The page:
Safety regulators at the National Highway Traffic Safety Administration have recommended that all new trucks be manufactured with rollover prevention devices.
Rollover truck accidents cause about 700 fatalities every year, according to statistics gathered by the National Highway Traffic Safety Administration. Despite this, truck manufacturers are still pushing back against use of the devices that would prevent many if not all of these fatalities.
Even in a truck accident where there are no deaths, the injuries are often more serious than those in accidents involving cars and SUVs. The weight and speed of a truck on the highway can result in severe injuries and permanent disabilities for accident victims.
The stability devices work by using engine torque and computer breaking that targets individual wheels. The system is designed to help drivers maintain control of the truck during emergency situations by keeping all of the wheels on the ground and preventing the trailer from swinging.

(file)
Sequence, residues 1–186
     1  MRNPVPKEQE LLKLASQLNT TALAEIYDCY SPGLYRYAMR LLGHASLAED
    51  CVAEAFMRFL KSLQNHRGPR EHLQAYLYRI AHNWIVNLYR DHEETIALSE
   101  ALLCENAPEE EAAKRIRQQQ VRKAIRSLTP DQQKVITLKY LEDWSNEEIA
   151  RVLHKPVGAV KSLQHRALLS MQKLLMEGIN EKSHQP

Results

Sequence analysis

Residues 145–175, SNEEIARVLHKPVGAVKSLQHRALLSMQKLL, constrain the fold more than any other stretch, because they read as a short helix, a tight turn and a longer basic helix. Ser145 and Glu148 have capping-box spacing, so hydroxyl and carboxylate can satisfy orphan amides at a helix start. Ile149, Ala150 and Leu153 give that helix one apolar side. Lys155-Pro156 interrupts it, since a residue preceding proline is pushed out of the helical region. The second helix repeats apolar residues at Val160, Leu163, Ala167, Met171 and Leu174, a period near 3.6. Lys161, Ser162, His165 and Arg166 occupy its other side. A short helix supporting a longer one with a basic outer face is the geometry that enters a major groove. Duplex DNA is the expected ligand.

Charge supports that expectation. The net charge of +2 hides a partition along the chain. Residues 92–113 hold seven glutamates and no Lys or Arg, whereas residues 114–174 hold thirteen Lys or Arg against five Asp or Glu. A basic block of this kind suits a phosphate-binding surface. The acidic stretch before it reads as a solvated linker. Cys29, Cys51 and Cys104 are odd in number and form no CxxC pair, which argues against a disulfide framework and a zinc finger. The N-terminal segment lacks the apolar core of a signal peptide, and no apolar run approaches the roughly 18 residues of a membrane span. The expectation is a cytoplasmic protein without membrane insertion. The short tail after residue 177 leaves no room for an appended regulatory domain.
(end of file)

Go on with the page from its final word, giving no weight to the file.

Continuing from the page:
One element of controversy for these systems is that the regulation's requirements will likely force truck manufacturers to use a device made by a specific company, and the prices can vary significantly. Truck industry lobbyists have emphasized the large amounts of money at stake in the language of the regulation.
People who are injured in rollover truck accidents may be able to pursue a civil action against the driver or the truck company, especially if either is found to have been out of compliance with relevant safety regulations. More information on truck accident lawsuits is available on our law firm's website.
Source: The Detroit News, "Truck makers push back on U.S. rollover-technology rule" Jeff Plungis, July 26, 2012